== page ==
Here, we made the dependency of the SINR expressions γkp(m),γk,ic(m) in Eqs 43, 44, and the instantaneous private and common WMMSEs in Eqs 45a,b, respectively, on the channel realization hm explicit. Note that, for simplicity of notations, we only keep the index of the channel realization in Eqs 43, 44, 45a,b. In particular, we have ζkp(m)ζkp(hm,ukp(m),ρkp(m)) and ζk,ic(m)ζk,ic(hm,uk,ic(m),ρk,ic(m)), where the receiver and MSE weights depend on the specific channel realization, i.e., ukp(m)=ukp(hm), uk,ic(m)=uk,ic(hm), ρkp(m)=ρkp(hm), and ρk,ic(m)=ρk,ic(hm). For each user k, let us define the following sample vectors: ukpvec{ukp(m)|1mM} and uk,icvec{uk,ic(m)|1mM}. Similarly, we define ρkpvec{ρkp(m)|1mM} and ρk,icvec{ρk,ic(m)|1mM}.

Let us introduce the SAA of the ergodic rate–ergodic WMMSE relationship as

1Mm=1Mlog21+γkp(m)=1ζ¯k,mmsep(M),(46a)
1Mm=1Mlog21+γk,ic(m)=1ζ¯k,i,mmsec(M)iMk,(46b)

where ζ¯k,mmsep(M) and ζ¯k,i,mmsec(M) are the SAA of ergodic WMMSEs Eh{ζk,mmsep} and Eh{ζk,i,mmsec}, using the channel sample HM, and are given as

ζ¯k,mmsep(M)minukp,ρkpζ¯kp(M),(47a)
ζ¯k,i,mmsec(M)minuk,ic,ρk,icζ¯k,ic(M)iMk.(47b)

Here, the   min(⋅) operator is taken per channel realization.

Now, we can reformulate the stochastic problem (P2) with the help of the rate–WMMSE relationship and the SAA approximation as follows:

(P3(M)):minimizeV3kKαkwn,kp22+wn,kc22(48a)
subject to(47),(16c),(16d),(48b)
R¯kpB(1ζ¯k,mmsep(M))0kK,(48c)
R¯kcB(1ζ¯k,i,mmsec(M))0iMk,kK.(48d)

Here, V3 is the set of optimization variables associated with the optimization problem (P3(M)) defined as

V3=:wkp,wkc,R¯kp,R¯kc,ukp,ρkp,ukc,ρkc|kK,nN,(49)

where ukcvec{uk,ic|iMk} and ρkcvec{ρk,ic|iMk}.

The problem (P3(M)) is still non-convex and challenging to solve, and the optimization variable space is larger than that associated; however, it is more tractable than its stochastic counterpart (P2). It is obvious that the optimization problem (P3(M)) depends on the sample size M. As M grows large, the SAA becomes more accurate, at the cost of increasing the complexity of solving the problem (P3(M)). Hence, in the asymptotic regime, when M, there is no loss in optimality of the stochastic problem (P2) by solving the deterministic problem (P3(M)), and this is captured in the following theorem.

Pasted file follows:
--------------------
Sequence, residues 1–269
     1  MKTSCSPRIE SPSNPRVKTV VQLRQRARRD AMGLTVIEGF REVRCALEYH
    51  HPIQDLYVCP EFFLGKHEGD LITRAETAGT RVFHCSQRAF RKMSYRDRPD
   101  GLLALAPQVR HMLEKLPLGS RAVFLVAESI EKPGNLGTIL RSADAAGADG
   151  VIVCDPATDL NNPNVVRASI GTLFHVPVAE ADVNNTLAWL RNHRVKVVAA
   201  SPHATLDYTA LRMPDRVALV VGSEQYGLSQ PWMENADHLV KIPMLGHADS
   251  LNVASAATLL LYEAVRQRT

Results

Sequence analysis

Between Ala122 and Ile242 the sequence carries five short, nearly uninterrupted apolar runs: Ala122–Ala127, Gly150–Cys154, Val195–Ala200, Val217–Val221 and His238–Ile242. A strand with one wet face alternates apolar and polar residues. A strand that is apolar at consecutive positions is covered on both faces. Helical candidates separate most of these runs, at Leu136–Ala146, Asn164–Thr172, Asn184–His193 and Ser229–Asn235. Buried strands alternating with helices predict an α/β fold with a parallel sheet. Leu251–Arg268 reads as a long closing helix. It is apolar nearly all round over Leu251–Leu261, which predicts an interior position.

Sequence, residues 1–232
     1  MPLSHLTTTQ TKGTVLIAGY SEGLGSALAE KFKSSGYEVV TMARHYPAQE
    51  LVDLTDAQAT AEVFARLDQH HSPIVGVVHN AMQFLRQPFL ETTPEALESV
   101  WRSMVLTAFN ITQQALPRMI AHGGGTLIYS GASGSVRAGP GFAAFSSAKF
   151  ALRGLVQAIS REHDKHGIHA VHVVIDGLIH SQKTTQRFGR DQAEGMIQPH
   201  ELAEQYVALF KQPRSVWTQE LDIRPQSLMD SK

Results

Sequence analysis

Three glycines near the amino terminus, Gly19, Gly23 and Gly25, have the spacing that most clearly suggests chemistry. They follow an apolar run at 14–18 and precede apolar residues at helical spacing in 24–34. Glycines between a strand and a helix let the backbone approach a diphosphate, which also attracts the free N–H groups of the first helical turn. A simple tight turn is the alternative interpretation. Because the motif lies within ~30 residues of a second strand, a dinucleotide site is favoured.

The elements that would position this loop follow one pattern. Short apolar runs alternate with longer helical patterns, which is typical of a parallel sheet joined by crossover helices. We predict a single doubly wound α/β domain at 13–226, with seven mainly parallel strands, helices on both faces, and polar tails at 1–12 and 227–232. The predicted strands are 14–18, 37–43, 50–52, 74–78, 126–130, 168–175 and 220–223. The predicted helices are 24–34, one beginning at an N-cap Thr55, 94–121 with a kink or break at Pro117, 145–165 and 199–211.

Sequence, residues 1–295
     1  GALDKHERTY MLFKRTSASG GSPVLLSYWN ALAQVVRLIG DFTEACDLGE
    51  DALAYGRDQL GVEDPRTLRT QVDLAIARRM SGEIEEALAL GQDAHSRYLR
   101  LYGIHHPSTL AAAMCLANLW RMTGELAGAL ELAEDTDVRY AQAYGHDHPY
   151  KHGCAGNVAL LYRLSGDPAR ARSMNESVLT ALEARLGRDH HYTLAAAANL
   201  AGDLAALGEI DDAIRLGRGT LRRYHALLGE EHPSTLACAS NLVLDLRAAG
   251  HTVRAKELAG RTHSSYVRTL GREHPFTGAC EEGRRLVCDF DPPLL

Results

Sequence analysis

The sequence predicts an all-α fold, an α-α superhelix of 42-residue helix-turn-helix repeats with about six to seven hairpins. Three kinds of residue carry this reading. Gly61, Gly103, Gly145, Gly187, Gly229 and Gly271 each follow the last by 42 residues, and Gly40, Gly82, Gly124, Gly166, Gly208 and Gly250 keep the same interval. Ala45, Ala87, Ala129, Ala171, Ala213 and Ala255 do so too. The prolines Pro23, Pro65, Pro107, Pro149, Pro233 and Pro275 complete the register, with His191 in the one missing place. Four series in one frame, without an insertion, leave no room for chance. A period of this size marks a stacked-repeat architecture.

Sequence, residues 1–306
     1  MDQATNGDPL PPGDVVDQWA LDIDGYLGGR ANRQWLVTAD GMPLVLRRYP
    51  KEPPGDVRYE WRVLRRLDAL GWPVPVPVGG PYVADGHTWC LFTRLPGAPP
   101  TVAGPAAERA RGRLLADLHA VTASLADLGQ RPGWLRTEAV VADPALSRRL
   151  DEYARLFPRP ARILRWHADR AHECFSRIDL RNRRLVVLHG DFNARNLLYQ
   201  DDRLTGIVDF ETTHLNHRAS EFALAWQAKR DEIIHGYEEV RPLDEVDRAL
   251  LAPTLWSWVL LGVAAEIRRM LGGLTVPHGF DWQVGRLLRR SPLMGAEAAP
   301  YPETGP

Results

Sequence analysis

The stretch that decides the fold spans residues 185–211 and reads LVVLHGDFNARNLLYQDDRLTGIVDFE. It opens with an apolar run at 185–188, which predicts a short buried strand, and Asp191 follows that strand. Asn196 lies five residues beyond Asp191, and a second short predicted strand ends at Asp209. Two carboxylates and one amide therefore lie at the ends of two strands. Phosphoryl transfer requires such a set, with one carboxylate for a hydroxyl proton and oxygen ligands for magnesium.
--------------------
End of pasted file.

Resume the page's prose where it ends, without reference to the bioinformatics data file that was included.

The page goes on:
Theorem 1. The set of global optimal solutions of the problem (P3(M)) asymptotically converges to the set of optimal solutions of the problem (P2) uniformly with probability one.

Proof. The proof is provided in the Appendix.Next, we discuss the iterative algorithm to provide a first-order optimal solution to the optimization problem (P3(M)).

4.3 WMMSE-Based Algorithm

As discussed above, the optimization problem (P3(M)) is non-convex, and it is difficult to solve for a global optimal. Hence, in this paper, we consider an iterative algorithm that converges in a finite number of iterations to a first-order optimal solution which satisfies Karush–Kuhn–Tucker (KKT) optimality conditions of the problem (P3(M)). To this end, we first note that the feasible set of problem (P3(M)) is non-convex due to constraints in Eqs 48c,d. Hence, the constraints in Eqs 48c,d are not jointly convex in the optimization variables. However, the SAA of the WMMSE expressions in Eqs 47a,b is convex in each set of variables independently. Based on this observation, the classical WMMSE algorithm uses the alternating optimization framework by optimizing over one set of variables and fixing all the rest. This process is repeated until convergence. However, in the problem (P3(M)), we cannot apply the alternating optimization directly due to the constraint in Eq. 16c. The iterative algorithm starts by initializing the beamforming vectors to a feasible value. After that, we compute the optimal set of variables ukp,ukc and ρkp,ρkc, separately. The advantage of the WMMSE algorithm is that this set of optimal variables can be found in the closed form as

ukp(m)=(wkp)HhkmTkp(m),uk,ic(m)=(wkc)HhimTk,ic(m),(50)
ρkp(m)=1/ek,mmsep(m),ρk,ic(m)=1/ek,i,mmsec(m),(51)

where ek,mmsep(m) and ek,i,mmsec(m) are the optimal MMSEs as defined in Eqs 35, 36. The next step is to plug in the optimal values as defined in Eqs 50, 51 in the constraints in Eqs 48c,d by using the WMMSE expressions ζkp and ζk,ic as defined in Eq. 37. To express the approximate optimization problem in a compact manner, we define the following auxiliary variables:

t¯kp=1Mm=1Mρkp(m)ukp(m)22,t¯k,ic=1Mm=1Mρk,ic(m)uk,ic(m)22,(52)
l¯kp=1Mm=1M(1ρkp(m)+log(ρkp(m))),(53)
l¯k,ic=1Mm=1M(1ρk,ic(m)+log(ρk,ic(m))),(54)
f¯kp=1Mm=1Mρkp(m)hkm(ukp(m))H,f¯k,ic=1Mm=1Mρk,ic(m)him(uk,ic(m))H,(55)
Y¯k,kp=1Mm=1Mρkp(m)ukp(m)22hkm(hkm)H,(56)
Y¯k,ic=1Mm=1Mρk,ic(m)uk,ic(m)22him(him)H.(57)

By using Eqs 27, 28, 37, we define the approximate optimization problem as

(P4):minimizeV4kKαkwn,kp22+wn,kc22(58a)
subject to(47),(16c),(76),(58b)
jK(wjp)HY¯k,kpwjp+lΩk(wlc)HY¯k,kpwlc2R(f¯kp)Hwkp+log(2)R¯kpB+σ2t¯kpl¯kp0kK,(58c)
jK(wjp)HY¯k,icwjp+lΩi(wlc)HY¯k,icwlc+mΨk,i(wmc)HY¯k,icwmc+(wkc)HY¯k,icwkc2R(f¯k,ic)Hwkc+log(2)R¯kcB+σ2t¯k,icl¯k,ic0,iMk,kK,(58d)

where V4 is defined as

V4=:wkp,wkc,R¯kp,R¯kc|kK,nN.(59)

ALGORITHM 1
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ALGORITHM 1. Joint rate allocation and beamforming for minimizing the sum-transmit power with stochastic QoS constraints.

The approximate optimization problem (P4) is convex and can be solved efficiently, e.g., using an interior point method as implemented in commercial solvers (Grant and Boyd, 2014). After solving the optimization problem, we update the beamforming vectors. The detailed steps of the iterative algorithm are listed below.

Theorem 2. Let quu=1wu,uu,Ru,ρuu=1 be the sequence generated by Algorithm 1, where u is the iteration number. The sequence quu=1 converges to a KKT solution of the problem P3(M).